No one debates that violence desensitizes us to violence, but the effects of exploitative images of women is still, somehow, open for discussion. The media either have the power to impact behavior and beliefs or it doesn't - you don't get to pick and choose which behavior you think is affected. (Of course, they don't have these discussions at ad agencies or movie studios; they already know the answer). The rise of corporate mergers, Congress changing the laws to allow for this consolidation, and the irrefutable effects of our Jerry Springer culture are ocurring at a particular point in history and are *not* a coincidence.
It makes our awareness as imagemakers that much more important. As designers in the new millennium, we need to be more aware of the beliefs that we are bringing to the imagemaking process. We have the power to significantly shape and alter people's perceptions. And when you live in a time of backlash (not only against women, but against affirmative action, against African Americas, gay people, et al) you need to wield that power responsibly. All problems between men and women, or any groups, are about power. You'd think we'd be at a more balanced place at the beginning of this new century, but we're not there yet. We need to fight this devolution for the sake of both genders.
Feminism, many scholars say, is a 500-year revolution - the biggest revolution in human history. It's not just a political, industrial, or information revolution, but one that affects the entire species in every aspect of our lives from dating to child rearing to the workplace, education, and government. Maybe it's really a compliment to the power of feminism that it gets this kind of backlash - we would be ignored if this wasn't important. But should women be helping that backlash along? Should men? No one can win if this continues - and the gulf between women and men will only widen if it does.
e-mail: firstname.lastname@example.org web: http://www.anu.edu.au/~a112465/profem.html
Feminist/ Activist Colleagues:
The City of Chicago is officially designating the eastern part of Walton St, leading to the Playboy Mansion and located in the north end of the Loop, as 'Honorable Hugh Hefner Way' on Monday, April 10th.
Many who are not focused on these issues might find porn and the mainstreaming of sexual images of women as liberation, and not at all offensive--despite the fact that changes in the power structure in our country have not occurred.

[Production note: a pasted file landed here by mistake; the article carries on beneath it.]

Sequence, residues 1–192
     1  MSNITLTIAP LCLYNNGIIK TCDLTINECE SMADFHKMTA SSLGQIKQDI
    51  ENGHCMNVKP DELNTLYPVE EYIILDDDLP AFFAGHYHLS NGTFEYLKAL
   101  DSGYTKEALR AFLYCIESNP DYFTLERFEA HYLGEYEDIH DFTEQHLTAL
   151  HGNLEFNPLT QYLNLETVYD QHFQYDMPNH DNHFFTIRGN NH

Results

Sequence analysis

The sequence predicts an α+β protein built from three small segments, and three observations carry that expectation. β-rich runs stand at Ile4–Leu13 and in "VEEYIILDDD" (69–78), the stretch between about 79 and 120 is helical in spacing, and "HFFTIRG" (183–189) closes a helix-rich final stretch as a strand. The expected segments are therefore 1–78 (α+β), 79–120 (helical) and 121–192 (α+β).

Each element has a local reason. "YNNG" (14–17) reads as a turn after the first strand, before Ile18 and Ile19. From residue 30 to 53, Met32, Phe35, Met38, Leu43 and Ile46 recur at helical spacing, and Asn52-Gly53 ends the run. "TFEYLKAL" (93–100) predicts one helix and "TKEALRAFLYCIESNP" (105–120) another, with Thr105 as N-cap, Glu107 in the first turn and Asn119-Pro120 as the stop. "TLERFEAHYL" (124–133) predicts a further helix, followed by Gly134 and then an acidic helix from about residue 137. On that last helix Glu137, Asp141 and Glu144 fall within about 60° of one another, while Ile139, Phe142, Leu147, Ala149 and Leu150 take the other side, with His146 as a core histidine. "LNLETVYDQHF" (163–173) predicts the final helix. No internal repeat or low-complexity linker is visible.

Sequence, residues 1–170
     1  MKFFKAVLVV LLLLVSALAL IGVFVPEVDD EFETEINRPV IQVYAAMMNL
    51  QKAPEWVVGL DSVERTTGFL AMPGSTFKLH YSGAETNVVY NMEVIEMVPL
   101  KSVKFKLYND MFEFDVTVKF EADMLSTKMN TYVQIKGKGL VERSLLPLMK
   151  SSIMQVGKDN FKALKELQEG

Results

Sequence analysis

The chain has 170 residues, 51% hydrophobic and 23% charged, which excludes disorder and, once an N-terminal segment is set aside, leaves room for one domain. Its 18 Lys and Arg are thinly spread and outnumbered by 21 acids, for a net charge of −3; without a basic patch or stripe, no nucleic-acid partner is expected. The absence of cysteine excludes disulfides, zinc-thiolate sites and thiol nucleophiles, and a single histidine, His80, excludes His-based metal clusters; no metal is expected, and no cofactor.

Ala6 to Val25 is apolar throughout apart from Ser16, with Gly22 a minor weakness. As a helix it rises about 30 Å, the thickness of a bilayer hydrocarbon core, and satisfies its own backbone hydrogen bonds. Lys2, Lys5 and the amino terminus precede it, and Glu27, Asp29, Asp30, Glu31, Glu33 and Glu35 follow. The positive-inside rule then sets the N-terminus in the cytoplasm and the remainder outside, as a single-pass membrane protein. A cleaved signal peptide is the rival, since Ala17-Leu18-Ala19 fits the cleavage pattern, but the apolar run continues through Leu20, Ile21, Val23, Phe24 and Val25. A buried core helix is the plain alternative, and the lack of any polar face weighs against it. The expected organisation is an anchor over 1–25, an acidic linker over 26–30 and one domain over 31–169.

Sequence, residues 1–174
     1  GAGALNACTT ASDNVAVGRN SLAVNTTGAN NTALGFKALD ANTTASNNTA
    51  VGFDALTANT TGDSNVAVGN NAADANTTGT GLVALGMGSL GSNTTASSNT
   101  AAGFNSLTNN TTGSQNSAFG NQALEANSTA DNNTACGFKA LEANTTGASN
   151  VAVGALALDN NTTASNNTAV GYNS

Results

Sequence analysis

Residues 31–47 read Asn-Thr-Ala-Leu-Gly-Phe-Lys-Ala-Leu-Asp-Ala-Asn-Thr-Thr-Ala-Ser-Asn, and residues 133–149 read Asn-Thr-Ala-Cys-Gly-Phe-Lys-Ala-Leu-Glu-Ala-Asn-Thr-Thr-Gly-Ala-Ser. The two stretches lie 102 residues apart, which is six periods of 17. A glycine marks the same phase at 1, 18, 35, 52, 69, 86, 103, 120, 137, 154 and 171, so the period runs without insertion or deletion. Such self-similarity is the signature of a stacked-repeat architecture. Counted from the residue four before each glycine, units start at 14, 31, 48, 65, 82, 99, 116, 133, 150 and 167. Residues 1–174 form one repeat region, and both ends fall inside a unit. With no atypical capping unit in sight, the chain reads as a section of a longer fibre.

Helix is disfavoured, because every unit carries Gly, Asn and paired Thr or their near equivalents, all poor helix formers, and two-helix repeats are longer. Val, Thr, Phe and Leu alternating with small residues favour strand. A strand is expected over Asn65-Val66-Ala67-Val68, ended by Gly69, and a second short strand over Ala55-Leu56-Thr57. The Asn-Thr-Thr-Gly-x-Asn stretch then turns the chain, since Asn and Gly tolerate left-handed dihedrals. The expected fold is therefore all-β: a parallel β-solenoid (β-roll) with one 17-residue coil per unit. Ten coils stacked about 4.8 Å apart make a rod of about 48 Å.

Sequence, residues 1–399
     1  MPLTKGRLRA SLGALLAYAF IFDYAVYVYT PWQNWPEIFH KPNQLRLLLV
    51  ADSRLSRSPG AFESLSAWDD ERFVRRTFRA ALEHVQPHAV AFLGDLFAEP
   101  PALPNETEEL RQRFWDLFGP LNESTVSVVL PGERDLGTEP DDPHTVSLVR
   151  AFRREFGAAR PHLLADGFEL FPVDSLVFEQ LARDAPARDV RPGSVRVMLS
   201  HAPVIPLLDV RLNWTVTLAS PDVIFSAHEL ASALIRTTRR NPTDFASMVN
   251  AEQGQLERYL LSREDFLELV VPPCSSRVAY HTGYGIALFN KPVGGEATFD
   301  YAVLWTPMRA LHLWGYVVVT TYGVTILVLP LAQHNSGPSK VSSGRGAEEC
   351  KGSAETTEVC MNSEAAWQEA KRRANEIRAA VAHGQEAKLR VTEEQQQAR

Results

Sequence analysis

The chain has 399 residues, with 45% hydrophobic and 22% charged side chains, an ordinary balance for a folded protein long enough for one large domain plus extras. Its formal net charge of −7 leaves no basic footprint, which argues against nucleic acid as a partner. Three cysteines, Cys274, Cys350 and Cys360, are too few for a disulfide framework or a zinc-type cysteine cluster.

But the idea that the third largest city in US would deem it acceptable to not only name a street after a man who pimps women, but call him Honorable, is a contempt for women that should not be met with silence.
The City Council this past fall passed CEDAW: the Convention on the Elimination of All Forms of Discrimination Against Women. This Convention, originally convened by the UN, states that, in addition to attending to the "civil rights and the legal status of women . . . is also concerned with . . . the impact of cultural factors on gender relations."
Article 5 states that parties who have signed CEDAW must "give formal recognition to the influence of culture and tradition on restricting women's enjoyment of their fundamental rights. These forces take shape in stereotypes, customs and norms which give rise to the multitude of legal, political and economic constraints on the advancement of women."
Noting this interrelationship, the preamble of the Convention stresses "that a change in the traditional role of men as well as the role of women in society . . . is needed to achieve full equality „ between men and women.
State parties are obliged to work towards modifying social and cultural patterns of individual conduct in order to eliminate "prejudices, customary, and all other practices, which are based on the idea of the inferiority or the superiority ofeither of the sexes, or on stereotyped roles for men and women."
Parties who have signed this Convention are to "condemn discrimination against women in all its forms;" to "refrain from engaging in any act or practice of discrimination against women and to ensure that public authorities and institutions shall act in conformity with this obligation."
They are obliged to "take all appropriate measures to eliminate discrimination against women by any person, organization or enterprise;" and to "take all appropriate measures, including legislation, to modify or abolish existing laws, regulations, customs and practices which constitute discrimination against women."
Prostitution continues to be the ONLY 'profession' where women make more than men. Many will suggest that women freely choose to pose in Playboy or participate in the porn industry.
But as long as a vast economic imbalance between men and women exists; as long as women's reproductive decisions are limited; and as long as our Government is almost exclusively white and male, there cannot be a serious discussion about 'free choice.'
It will only be when these and other changes, such as when women have a substantial voice in the media and the cultural institutions in this country, that the potential of free choice will be possible.
This is another in a long line of 'bombs' that have been aimed at women in the gender war, another attack in this dangerous time of backlash and the vilification of feminism, which is after all, our civil rights movement.
As long as we continue to take these offenses without responding, the line for what is tolerable and intolerable will continue to move: it will not go back, and it will not move in the favor of women.
True sexual liberation can only exist in a society where women who are dressed are respected, valued---and paid-- as much as those who are not. Only when women have full participation in education, government, media, and business will there be an environment for women to be free to express themselves sexually.
Until that time, men in 'the sex industry' (who make millions while the actual women make thousands, if that) must be viewed as pimps, exploiters of women--and certainly not honorable. Playboy and Hefner are dangerous because they give this exploitation a 'main street legitimacy.' Yet another reason that this 'honor' must be reneged.
Please pass on any of this info to like-minded activists.And please, take a minute to write or make a call to: Mayor Richard M. Daley, 121 N. LaSalle, Chicago, IL 60602 (312) 744-4000.
Women are a powerful force in Chicago--or can be--and we deserve better than this. Thank you for your time.
Kim is the editor of a fantastic feminist paper in
Chicago called Merge. Check it out at http://www.merge.simplenet.com